Hi Cindy!  Welcome to the CRCNA.  I look forward to working with you.

Thank you for sharing your thoughts, Lou. I have a couple of thoughts in response. First, the OSJ was not recommending these devotionals, I was. Second, Rohr's devotionals, as many of the others, are challenging. I do not agree with everything that all of these writers put out, particularly as a Reformed pastor. This is why I listed the denominational affiliation of the devotional writers. Personally, Rohr's penchant for the mystical compels me as a Reformed Christian, which I why I recommended him.

Thanks, Shannon, for sharing some resources; of the ones I recognize they will be a blessing to those who pursue them.

What did disappoint me was the very top recommendation - Richard Rohr's Center for Action and Contemplation.  Based on just the last week's worth of postings it can easily be demonstrated how far away he is from the faith "once for all delivered to the saints."  The presumption shown by his disdain for historical Christianity is saddening; more pretentious than charitable.  Does he really think he/CAC leads a "New Reformation"?!  The OSJ can do better than that.

PS  If anyone wants an analysis of the last week's "worth" of postings, send me an email:


You can find a few more at; on the book of Revelation, or the Psalms, or a few theological topics.

Thanks for sharing the story of Eloise. Beautiful little girl!  

posted in: Eloise's Story

Thank you, Angie, for sharing Eloise's life and story. She truly was created and dearly loved by God. While I can't pretend to know your grief and pain, your courage is clear. God will use her life and your story to save others.

posted in: Eloise's Story

I agree with Noel.  This is not the first time there have been refugees coming to the US.  My CRC Church (in Oregon) took in (sponsored) several SE Asian families post-Viet Nam war in the 1970's, and that involved more than a little of our time and money.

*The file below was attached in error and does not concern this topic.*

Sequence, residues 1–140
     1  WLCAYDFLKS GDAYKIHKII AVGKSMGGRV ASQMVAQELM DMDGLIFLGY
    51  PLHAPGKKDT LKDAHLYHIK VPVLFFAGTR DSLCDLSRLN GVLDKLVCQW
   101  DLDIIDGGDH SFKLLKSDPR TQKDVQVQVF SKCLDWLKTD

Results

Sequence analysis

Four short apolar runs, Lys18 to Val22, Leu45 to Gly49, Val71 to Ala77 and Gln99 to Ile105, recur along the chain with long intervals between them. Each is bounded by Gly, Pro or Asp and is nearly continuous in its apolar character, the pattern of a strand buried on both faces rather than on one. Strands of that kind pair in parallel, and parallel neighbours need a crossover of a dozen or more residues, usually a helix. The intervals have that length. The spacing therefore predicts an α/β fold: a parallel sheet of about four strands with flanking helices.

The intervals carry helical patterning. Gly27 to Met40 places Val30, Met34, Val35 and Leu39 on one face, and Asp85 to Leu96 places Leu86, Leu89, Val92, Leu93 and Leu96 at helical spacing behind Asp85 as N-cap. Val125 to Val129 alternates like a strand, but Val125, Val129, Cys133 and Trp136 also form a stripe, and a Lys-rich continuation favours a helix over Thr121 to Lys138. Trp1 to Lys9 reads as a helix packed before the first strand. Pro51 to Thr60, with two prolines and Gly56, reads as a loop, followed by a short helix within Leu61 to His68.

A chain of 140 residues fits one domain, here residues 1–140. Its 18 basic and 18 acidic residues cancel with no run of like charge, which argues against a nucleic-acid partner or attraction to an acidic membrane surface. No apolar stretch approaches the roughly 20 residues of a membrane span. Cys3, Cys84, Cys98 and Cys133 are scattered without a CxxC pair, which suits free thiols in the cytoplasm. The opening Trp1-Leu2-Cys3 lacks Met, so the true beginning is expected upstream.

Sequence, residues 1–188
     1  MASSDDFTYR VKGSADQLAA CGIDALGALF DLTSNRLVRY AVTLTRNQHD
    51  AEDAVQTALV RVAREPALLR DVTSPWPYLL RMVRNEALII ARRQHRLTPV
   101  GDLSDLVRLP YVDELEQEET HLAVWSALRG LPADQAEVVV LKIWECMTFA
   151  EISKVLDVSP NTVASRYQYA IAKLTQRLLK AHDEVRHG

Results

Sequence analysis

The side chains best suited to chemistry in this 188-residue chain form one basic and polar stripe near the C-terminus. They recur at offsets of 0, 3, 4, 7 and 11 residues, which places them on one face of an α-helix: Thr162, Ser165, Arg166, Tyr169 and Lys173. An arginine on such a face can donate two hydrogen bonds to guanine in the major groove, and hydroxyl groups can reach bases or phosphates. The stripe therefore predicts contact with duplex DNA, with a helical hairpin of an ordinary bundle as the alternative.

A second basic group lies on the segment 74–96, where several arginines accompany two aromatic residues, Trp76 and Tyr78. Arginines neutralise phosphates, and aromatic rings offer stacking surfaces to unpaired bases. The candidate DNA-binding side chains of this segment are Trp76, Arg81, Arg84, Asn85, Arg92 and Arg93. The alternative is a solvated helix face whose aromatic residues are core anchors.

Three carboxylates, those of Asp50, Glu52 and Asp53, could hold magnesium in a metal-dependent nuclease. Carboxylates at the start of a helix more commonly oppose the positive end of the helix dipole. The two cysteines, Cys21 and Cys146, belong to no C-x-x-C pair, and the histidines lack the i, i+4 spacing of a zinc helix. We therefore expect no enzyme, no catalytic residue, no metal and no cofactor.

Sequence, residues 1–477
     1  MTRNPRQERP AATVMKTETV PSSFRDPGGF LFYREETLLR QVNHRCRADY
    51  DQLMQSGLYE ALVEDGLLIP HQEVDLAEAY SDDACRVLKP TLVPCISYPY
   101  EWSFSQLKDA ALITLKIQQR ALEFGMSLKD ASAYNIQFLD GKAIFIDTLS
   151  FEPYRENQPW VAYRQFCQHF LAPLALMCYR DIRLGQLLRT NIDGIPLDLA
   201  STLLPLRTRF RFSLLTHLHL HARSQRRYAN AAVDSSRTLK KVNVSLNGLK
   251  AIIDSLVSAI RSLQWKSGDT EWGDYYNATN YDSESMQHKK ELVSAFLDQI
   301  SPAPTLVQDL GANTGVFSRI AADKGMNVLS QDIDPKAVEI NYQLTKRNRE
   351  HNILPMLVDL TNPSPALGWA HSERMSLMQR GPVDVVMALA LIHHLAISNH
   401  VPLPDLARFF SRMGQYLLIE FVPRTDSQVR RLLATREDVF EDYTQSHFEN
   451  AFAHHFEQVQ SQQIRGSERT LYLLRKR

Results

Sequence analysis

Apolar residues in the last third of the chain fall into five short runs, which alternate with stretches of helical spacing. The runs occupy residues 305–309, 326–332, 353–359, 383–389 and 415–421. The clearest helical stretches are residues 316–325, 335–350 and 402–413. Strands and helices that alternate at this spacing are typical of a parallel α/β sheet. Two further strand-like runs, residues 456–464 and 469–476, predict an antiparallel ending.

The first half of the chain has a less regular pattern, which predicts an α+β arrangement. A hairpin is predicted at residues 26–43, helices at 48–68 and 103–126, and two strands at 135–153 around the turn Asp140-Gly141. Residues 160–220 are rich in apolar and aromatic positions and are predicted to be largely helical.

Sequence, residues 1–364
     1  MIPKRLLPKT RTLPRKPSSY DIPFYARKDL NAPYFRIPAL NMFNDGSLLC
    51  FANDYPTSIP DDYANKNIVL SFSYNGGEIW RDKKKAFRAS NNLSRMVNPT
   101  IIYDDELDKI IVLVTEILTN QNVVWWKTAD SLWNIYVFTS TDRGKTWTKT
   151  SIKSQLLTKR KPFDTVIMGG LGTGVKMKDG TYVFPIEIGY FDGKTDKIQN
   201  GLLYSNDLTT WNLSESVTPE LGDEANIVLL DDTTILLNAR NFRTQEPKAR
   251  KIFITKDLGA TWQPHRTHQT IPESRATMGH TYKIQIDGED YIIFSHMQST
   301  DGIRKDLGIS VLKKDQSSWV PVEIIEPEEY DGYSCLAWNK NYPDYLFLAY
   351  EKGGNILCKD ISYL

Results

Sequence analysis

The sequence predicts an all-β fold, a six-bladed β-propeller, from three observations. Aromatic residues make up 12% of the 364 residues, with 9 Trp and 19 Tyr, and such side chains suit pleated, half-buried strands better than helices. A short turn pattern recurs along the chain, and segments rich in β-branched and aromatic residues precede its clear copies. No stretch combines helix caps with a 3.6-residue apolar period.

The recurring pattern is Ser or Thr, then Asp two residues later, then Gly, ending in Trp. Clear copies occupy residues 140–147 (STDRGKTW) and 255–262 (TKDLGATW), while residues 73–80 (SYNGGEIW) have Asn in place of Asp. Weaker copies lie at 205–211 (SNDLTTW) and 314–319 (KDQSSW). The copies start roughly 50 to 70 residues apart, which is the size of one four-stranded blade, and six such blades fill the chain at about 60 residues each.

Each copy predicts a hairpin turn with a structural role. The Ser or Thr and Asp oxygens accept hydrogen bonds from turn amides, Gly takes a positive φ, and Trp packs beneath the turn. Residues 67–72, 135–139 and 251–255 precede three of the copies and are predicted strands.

We didn't argue or debate about the war, or about refugee/immigration policy, or about government policy, nor did we debate the net good or bad that the refugee intake might do for this or that part of the economy, job market or society.  Those things could be and were argued about in other contexts.  What we focused on is doing what we should do for refugee families who were coming or had come, regardless of any of our political disagreements about broader questions.

It was there that we could find unity as Christians of a local church fellowship, whatever our differences might be as to other questions.


Since our country is receiving refugees, we should welcome them and show them Christian love. We should make sure they are not being taken advantage by unscrupulous corporations, they have thorough health screenings and treatment before beginning a job or school, and they are truly granted the freedoms we have as Americans. It seems like they are being treated as a commodity by a lot of people and organizations. We need to pray for them and speak against injustice.

I would change it by making it less about politics and government policy and more about person-to-person interaction in our neighborhoods and local communities.

I would change it by getting rid of simplistic mantras like "immigrants are a blessing and not a burden."  That bumper sticker slogan is merely a political pitch that we all join together to broadly advocate for a particular government policy on immigration.

Finally, I would change it by de-emphasizing the immigrant or non-immigrant status of people and emphasize more the biblical mandate that we demonstrate love to all, without first categorizing them into classes like immigrant v. national, illegal immigrant v. immigrants with green cards or visas -- and also other classes like black v. white v. Asian  (etc), criminal record v. no criminal record, more wealthy v. less wealthy, younger v. older, those who live in the west or south sides of town v. those who live in the east or north sides of town, etc.